Forget, for a moment, where Las Vegas will be as a pro sports town in 10 years.
Put talk of Super Bowl 50 on hold for a second. Then envision the futuristic world of Super Bowl 100.
Sports Illustrated cleverly did just that: staffers and panelists were asked to peer into the future and imagine the Super Bowl in 2066.
“For its centennial Super Bowl, the NFL returned to its favorite host city, Las Vegas, which first staged the title game 45 years ago,” wrote S.I.’s Steve Rushin.
“Super Bowl LV shared its initials with Las Vegas,” added Rushin, “but also with Louis Vuitton, the luxury brand that paid handsomely to cover game balls in its handbag leather, embossed with its famous logo.
Rushin’s crystal ball foresees 2021 as an epic year for Las Vegas.
It’s the year the NFL, following the lead of the rest of the country, “abandoned its nominal objections to sports gambling and awarded Steve Wynn the expansion franchise that became the Las Vegas Centurions,” wrote Rushin.
It was announced last week Las Vegas Sands Chairman and CEO Sheldon Adelson was teaming up with investors on a $1 billion, 65,000-seat stadium on UNLV land. Adelson met with Mark Davis, owner of the Oakland Raiders, on Friday to discuss moving the NFL team into the stadium.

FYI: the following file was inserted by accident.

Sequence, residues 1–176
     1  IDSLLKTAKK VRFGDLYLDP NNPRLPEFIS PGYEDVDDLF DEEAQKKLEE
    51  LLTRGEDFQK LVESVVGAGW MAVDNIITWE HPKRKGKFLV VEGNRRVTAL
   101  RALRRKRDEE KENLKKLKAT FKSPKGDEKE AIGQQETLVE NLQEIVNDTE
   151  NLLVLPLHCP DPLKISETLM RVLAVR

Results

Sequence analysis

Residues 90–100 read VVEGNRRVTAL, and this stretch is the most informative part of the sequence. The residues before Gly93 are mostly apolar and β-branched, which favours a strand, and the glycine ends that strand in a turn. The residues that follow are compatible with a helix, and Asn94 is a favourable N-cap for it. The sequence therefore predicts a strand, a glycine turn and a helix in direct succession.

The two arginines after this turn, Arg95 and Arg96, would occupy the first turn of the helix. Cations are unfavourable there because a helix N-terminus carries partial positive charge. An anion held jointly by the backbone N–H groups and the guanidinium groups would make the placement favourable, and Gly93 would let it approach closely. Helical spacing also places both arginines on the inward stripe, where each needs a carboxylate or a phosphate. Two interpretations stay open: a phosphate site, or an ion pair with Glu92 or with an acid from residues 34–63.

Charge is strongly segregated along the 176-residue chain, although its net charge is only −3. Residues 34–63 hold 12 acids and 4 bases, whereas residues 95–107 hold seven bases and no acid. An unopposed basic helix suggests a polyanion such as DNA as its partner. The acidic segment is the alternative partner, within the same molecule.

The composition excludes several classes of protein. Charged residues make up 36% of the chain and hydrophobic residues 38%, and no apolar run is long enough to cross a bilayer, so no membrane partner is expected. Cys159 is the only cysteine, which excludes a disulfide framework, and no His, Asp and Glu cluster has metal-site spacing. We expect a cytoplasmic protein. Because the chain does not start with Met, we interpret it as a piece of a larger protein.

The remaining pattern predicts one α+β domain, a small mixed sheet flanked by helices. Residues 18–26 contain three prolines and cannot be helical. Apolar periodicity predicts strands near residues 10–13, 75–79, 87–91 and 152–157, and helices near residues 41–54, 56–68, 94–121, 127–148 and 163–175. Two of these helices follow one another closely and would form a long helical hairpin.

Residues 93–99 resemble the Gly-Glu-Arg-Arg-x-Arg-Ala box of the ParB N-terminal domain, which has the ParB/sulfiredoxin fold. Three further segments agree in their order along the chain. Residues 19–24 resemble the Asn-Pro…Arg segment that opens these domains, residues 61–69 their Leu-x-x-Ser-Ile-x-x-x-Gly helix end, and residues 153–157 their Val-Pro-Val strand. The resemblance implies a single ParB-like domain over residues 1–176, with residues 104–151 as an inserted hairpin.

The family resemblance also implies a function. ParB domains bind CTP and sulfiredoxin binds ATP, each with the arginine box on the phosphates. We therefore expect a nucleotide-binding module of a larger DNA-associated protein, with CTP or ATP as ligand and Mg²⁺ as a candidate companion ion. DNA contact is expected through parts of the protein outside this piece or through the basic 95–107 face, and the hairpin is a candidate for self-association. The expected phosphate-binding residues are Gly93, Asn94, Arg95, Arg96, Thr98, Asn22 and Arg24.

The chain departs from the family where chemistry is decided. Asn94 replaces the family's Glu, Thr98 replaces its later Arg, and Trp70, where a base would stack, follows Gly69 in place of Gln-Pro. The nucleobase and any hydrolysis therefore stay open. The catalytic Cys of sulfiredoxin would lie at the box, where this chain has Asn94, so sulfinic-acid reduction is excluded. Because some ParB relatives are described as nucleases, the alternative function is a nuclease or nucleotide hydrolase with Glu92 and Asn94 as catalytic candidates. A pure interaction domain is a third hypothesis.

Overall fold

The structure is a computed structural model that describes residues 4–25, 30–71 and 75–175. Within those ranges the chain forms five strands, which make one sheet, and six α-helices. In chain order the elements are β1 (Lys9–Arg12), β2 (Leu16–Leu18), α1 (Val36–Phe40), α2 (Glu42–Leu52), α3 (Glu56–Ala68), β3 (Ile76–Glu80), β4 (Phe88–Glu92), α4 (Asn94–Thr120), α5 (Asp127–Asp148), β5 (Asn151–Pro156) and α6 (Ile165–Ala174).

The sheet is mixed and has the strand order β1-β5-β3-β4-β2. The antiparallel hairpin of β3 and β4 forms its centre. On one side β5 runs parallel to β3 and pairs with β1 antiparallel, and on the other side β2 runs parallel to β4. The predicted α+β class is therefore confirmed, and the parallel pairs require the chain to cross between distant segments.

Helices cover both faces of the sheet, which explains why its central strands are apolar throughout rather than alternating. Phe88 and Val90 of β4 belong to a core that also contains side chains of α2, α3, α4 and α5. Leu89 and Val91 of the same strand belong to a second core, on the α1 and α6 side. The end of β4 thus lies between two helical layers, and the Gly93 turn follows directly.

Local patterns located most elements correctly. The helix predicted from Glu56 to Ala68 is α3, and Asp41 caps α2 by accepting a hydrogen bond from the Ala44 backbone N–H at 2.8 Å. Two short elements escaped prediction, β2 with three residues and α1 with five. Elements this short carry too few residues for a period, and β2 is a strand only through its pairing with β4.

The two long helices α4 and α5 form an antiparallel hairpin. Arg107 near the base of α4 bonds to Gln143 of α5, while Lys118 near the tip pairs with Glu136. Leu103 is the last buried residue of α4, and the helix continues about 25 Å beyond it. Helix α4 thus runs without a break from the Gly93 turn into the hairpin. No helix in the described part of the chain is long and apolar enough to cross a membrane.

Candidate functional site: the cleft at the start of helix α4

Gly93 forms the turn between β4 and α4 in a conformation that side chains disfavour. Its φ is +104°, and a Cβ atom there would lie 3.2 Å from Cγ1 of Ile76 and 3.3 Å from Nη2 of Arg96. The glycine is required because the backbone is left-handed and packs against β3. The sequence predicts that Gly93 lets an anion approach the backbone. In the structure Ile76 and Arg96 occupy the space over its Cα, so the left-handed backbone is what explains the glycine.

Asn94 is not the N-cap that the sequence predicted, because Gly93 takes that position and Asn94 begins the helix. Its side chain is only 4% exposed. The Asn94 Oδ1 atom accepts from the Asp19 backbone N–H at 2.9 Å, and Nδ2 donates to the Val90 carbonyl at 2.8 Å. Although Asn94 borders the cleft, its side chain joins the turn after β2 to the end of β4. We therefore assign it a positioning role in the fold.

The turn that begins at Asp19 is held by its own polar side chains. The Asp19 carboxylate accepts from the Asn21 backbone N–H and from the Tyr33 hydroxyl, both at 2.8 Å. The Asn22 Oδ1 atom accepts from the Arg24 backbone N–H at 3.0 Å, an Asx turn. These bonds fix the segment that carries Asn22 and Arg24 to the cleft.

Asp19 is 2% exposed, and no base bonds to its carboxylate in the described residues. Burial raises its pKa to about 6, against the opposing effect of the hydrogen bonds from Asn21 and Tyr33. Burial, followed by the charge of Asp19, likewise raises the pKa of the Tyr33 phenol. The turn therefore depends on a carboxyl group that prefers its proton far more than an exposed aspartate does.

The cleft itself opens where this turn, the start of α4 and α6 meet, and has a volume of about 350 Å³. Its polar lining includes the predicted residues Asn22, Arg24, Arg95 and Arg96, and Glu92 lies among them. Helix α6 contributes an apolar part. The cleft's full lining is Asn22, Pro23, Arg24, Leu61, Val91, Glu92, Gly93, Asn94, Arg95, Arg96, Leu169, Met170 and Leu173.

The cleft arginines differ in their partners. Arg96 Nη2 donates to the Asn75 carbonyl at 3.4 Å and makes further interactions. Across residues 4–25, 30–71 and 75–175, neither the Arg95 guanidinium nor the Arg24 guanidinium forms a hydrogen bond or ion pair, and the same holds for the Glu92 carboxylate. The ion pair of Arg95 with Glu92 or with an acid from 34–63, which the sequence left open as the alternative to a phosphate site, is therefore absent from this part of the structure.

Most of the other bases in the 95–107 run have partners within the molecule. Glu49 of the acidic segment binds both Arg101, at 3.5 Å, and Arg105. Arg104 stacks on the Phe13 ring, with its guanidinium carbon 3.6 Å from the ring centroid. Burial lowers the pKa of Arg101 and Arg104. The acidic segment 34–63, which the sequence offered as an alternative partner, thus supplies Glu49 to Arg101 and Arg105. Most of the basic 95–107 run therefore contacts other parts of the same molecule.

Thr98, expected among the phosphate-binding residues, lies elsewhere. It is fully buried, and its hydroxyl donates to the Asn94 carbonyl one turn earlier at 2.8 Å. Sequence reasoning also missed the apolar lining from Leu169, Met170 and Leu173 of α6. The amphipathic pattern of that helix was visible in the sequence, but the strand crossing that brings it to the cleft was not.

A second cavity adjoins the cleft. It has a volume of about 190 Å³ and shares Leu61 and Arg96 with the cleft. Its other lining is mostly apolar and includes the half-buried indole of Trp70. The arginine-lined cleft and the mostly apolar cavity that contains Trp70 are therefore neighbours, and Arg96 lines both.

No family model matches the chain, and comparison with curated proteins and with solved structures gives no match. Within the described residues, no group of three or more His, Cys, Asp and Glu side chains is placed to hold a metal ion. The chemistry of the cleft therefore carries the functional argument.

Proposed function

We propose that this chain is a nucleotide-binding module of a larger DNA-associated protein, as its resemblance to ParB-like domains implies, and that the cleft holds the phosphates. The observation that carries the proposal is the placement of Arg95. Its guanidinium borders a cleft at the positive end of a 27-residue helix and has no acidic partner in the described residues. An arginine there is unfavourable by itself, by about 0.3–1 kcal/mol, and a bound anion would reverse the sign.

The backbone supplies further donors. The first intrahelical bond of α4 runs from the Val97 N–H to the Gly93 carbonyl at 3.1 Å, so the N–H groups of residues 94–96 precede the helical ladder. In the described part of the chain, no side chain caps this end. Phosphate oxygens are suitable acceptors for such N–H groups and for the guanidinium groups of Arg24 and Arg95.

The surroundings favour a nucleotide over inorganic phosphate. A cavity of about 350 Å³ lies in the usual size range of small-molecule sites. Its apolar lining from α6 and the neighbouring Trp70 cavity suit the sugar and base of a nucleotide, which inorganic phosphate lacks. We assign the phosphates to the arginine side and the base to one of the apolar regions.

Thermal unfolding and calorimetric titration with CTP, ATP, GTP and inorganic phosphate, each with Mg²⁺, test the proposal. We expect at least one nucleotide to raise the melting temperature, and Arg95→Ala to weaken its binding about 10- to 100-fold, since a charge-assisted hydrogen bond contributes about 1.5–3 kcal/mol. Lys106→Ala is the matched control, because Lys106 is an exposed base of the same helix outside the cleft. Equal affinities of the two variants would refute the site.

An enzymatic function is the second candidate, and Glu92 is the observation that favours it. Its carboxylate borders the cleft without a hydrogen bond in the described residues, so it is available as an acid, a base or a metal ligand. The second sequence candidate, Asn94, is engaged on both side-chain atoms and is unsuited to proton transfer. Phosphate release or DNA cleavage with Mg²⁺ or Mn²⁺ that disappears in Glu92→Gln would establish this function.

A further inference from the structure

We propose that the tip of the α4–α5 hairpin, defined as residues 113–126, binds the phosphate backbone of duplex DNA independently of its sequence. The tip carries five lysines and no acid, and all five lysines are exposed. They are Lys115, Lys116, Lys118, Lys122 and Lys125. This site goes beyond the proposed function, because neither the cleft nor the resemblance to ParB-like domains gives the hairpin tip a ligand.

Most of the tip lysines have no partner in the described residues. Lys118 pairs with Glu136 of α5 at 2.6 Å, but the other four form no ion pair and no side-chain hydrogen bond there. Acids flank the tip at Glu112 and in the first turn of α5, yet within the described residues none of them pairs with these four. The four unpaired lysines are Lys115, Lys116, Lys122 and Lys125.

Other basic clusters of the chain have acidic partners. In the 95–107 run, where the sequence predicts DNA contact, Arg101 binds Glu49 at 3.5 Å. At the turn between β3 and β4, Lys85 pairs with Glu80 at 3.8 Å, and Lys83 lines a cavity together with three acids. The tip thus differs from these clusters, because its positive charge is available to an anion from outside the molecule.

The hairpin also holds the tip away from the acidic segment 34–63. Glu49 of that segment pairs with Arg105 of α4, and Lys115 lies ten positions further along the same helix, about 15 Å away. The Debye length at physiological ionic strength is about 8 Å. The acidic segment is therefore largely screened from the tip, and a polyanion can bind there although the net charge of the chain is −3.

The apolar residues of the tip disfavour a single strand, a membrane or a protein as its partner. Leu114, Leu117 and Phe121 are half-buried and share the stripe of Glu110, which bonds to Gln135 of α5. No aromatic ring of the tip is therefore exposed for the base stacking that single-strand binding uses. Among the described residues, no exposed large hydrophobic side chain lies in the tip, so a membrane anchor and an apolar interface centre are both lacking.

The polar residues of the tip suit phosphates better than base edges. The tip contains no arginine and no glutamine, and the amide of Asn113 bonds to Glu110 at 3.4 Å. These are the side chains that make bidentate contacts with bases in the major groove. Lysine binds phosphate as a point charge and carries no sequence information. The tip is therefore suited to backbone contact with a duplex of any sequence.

The Centurions’ opponent was Barcelona, whose fans arrived “from all points of the globe, touching down both at McCarran International and Tarkanian Supersonic.”
Rushin sees ticket scanners being replaced by retina scanners “with what looked like a neuralyzer from the cinematic classic ‘Men in Black,'” except that these “don’t erase your short-term memory. That’s the job of the $75 beers.”
Game balls were dropped by drones, and kickoffs were a thing of the past, a concession to injury concerns.
The Super Bowl 100 halftime show: “a chorus of holographic Vegas immortals in their prime (Elvis, Sinatra, Wayne Newton, Liberace), performing alongside today’s live Vegas icons (Britney Spears, North West, and Blue Ivy Carter, not to mention the former boy band turned Greatest Rock and Roll Band in History, One Direction, now in their 55th year of touring.”
The Review-Journal is owned by a limited liability company controlled by the Adelson family, majority owners of Las Vegas Sands.
Murren on parking
MGM Resorts CEO Jim Murren, asked about the raging controversy over MGM Resort International’s decision to charge for parking, had a few predictions of his own.
The parking of the future, he said, will be outside of the downtown areas “and wouldn’t that be better for the pedestrian experience?”
“The cities of the world are going to change with the technology that’s coming forth,” Murren told reporters after he addressed Preview Las Vegas at UNLV’s Cox Pavilion. The event was presented by the Las Vegas Metro Chamber of Commerce.
Murren announced two weeks ago that a $10 or less parking fee will be charged at MGM properties starting between April and June. Almost $100 million in improvements, including a new garage, have been made in advance of the opening $375 million T-Mobile Arena in April.
“I just think we have to think about the future here,” he said. “Isn’t it better to have safe, secure parking facilities? Isn’t it better to know who is parking in your garages and who they are and what they are doing?”
He said the company doesn’t “build anything that’s free. How do you make a business model that’s free?”
“People pay in cities. They pay here to go to a basketball game, they pay downtown, they pay at the convention center,” he said.